Ping-Pong Blinky




Introduction: Ping-Pong Blinky

About: LEDS!!!!!!!!!!!!!!!!!!!!!!!!!!!!!!

Ok, I bought the TI MSP-EXP430G2 Dev board a while ago, and it was about time I tried it out, as always, with LEDs and Ping-Pong Balls.

It fades between the colours.

You will need:
A 2xAA batery holder, with 2 AA batteries
A 9v battery clip
A small piece of copper stripboard, just large enough to cover the back of your battery holder, but not go over it
a TI MSP430 launchpad (really cheap, get it from proto-pic in the UK,, about $4.50 straight from TI, pluss shipping)
A Ping Pong Ball
A diffused Common Cathode RGB LED
3 pin headers
a jumper
a 14 pin DIP socket
a 10K resistor

Hot GLue Sticks

Hot Glue gun
Drill with 5mm bit
Soldering Iron

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Step 1: Set Up Your Development Environment + Programming the Chip

If you have never used this development board before, you will not have a development enviroment.

The code was written for MSPGCC, and uploaded with MSPDebug - this is cross platform, a quick google will land you with the downloads

The code can be easily ported to CCS or IAR, which come free from TI

You can download the source code from my GitHub repo

Just compile it (or use the .elf provided) and use mspdebug rf2500 to program the chip (not applicable for CCS or IAR)

If this is your first upload, then congratulations, you have programmed your first chip :-D

Step 2: Check You Have Everything

Make sure you are good to go, just a pic to check your stuff against. 

Step 3: Drill the Ping-Pong Ball

Hold it steady against the desk (I haven in the pic, as one hand held the camera, but I did do it, honest ), and drill a 5mm hole for the LED

Step 4: Put the LED in the Hole

It should just fit in, with little room to move, the lip should stop it falling in

Step 5: Glue It In

Turn on your hot glue gun, and wait for it to heat up, then cover the LED in glue (leave the pins though)  This will make it permanent.

Step 6: Time to Lay Out the Strip Board

First we need to add the DIP socket, as seen in the picture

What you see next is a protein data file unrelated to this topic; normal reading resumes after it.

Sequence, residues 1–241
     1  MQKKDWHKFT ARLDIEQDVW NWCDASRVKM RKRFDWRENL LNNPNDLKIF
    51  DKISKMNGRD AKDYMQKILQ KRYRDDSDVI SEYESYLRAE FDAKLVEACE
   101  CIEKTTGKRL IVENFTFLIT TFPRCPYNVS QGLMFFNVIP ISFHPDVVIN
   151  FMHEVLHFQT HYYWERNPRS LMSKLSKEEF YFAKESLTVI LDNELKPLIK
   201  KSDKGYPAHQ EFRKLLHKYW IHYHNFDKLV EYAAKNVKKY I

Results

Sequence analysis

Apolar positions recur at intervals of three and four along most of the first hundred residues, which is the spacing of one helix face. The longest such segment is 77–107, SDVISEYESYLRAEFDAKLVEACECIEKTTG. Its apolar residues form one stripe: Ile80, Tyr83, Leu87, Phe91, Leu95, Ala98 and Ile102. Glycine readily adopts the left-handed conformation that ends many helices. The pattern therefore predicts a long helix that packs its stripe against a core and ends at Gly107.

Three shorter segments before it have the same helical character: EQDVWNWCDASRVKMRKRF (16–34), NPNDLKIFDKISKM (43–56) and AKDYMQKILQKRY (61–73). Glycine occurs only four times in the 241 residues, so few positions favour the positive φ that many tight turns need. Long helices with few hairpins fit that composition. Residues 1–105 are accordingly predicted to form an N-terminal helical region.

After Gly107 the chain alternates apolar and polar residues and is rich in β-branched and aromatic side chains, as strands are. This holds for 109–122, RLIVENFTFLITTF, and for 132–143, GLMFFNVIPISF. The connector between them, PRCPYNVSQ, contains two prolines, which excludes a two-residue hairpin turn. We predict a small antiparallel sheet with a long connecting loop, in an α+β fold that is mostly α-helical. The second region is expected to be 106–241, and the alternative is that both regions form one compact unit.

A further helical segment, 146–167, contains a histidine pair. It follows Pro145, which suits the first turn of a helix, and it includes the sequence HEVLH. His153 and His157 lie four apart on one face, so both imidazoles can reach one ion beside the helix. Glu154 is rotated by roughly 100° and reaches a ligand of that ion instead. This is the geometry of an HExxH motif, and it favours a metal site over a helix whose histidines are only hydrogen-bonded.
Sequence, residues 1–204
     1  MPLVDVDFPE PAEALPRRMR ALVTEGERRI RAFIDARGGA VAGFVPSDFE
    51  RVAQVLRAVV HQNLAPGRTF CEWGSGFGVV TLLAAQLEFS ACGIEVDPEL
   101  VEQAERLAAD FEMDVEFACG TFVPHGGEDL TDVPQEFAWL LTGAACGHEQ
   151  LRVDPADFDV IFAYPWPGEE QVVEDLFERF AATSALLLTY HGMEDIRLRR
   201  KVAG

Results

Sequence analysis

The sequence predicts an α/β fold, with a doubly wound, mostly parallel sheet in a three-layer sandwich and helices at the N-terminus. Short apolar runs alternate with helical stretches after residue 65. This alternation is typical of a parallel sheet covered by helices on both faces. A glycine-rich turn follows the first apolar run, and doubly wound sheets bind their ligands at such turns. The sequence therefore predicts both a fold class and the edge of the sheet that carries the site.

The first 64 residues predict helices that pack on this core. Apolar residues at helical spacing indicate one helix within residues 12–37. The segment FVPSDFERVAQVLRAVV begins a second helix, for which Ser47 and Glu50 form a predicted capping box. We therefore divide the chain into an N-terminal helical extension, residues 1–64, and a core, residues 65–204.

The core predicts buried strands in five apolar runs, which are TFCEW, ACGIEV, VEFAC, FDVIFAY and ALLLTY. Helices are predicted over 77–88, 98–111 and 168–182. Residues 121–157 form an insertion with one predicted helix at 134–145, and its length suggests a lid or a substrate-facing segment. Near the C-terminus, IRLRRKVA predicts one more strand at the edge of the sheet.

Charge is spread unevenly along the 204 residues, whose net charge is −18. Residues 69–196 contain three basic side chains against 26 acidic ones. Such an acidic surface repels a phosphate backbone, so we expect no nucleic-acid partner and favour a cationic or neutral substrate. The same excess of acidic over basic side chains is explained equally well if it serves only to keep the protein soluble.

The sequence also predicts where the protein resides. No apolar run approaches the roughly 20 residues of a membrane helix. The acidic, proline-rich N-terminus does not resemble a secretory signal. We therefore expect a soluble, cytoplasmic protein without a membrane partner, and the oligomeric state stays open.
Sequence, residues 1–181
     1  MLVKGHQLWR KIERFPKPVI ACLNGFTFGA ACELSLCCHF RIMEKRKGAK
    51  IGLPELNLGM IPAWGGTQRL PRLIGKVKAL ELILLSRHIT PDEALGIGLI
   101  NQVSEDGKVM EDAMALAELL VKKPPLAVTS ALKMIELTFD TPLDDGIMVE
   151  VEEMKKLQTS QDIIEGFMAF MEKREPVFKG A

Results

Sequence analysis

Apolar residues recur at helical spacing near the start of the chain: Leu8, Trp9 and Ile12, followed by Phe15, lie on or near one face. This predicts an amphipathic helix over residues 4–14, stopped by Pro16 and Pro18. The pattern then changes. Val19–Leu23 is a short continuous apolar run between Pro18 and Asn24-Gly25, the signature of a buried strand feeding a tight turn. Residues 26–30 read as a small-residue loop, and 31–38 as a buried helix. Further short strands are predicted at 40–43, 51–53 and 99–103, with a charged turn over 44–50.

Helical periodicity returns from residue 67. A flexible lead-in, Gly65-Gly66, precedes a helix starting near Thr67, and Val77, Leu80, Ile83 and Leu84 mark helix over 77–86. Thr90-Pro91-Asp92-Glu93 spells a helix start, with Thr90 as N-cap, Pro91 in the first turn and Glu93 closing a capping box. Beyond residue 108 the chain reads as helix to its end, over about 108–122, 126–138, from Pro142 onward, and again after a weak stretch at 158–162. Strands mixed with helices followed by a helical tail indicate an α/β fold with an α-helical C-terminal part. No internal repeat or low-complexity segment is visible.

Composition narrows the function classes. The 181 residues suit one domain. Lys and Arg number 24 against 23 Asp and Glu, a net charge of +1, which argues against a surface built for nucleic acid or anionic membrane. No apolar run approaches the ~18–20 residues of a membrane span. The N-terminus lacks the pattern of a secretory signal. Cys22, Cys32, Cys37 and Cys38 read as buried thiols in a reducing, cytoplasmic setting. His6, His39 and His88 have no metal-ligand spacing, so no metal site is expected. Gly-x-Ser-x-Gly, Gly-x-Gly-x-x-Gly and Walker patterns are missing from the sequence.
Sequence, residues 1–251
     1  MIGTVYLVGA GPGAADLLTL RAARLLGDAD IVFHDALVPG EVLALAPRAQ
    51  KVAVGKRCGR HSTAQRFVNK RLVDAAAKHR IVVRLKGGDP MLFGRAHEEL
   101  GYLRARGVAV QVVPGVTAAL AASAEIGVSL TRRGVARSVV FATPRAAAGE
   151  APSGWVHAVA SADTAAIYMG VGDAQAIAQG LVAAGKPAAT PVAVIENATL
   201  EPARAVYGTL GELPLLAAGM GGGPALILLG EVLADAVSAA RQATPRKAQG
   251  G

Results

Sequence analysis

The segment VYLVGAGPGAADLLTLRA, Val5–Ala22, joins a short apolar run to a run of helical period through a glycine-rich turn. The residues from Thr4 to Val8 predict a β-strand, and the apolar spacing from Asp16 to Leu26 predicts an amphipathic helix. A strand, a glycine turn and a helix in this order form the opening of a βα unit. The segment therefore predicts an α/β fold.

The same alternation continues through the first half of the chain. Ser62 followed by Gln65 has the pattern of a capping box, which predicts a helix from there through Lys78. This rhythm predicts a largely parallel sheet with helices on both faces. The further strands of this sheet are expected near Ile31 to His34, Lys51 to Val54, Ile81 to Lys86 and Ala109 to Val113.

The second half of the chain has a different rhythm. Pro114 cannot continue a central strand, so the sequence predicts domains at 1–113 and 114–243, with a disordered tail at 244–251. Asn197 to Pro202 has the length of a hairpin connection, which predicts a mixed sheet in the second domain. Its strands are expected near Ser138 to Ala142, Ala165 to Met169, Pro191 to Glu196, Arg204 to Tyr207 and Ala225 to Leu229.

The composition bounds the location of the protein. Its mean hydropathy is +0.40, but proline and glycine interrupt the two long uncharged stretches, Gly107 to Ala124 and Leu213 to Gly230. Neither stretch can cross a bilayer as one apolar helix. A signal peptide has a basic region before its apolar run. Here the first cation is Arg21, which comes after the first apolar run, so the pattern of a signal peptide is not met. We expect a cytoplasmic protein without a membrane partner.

Step 7: Mark It for Drilling

We need to mark out where to drill it to break the trace. Otherwise the pins will short.

Step 8: Drill the Traces

I deliberately did some too big so that you can compare, later on you will see why they are too big. Use the smaller ones as a guide.

Step 9: Solder It In

Solder the joints. You can see why the holes are too big, there is not enough room for soldering, and the joints near them are messy, going round the holes, and spreading out.

Step 10: Populating It With More Components

Add these components and wires. The 10K resistor keeps the chip from resetting, and the jumper acts as a power switch,

Step 11: Now Just Add the LED

Now we just place and solder the LED, making sure we get the wires the correct way round. The longest pin should be on the broken trace with the wre on it, the other three should be on traces going to the DIP socket.

Step 12: Add the Battery Holder

Cover the back of the battery holder with glue, and place on the stripboard. Solder the 9v clip to the wires protruding from the circuit, and clip it onto the battery holder.

Step 13: Add the Chip and Turn It on :-Dsocket

Take the MCU from the dev board and place it in the DIP socket (make sure it is the right way round, line up the notch on one of the shorter sides with that on the socket) Turn it on with a jumper, and watch it glow and change colour.

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    6 Discussions


    7 years ago on Introduction

    a video, a video, please please a video???????????????????




    Reply 7 years ago on Introduction

    thou asked, and it shall be given unto thee (unfortunately it will still be filmed on my phone, so look awful)

    Do you mean a video of assembly, or of the thing working ??


    Reply 7 years ago on Introduction

    Sure, though I am currently on holiday, so you must wait until I get home and can get new parts.


    Reply 7 years ago on Introduction

    For me a video of the thing working :-)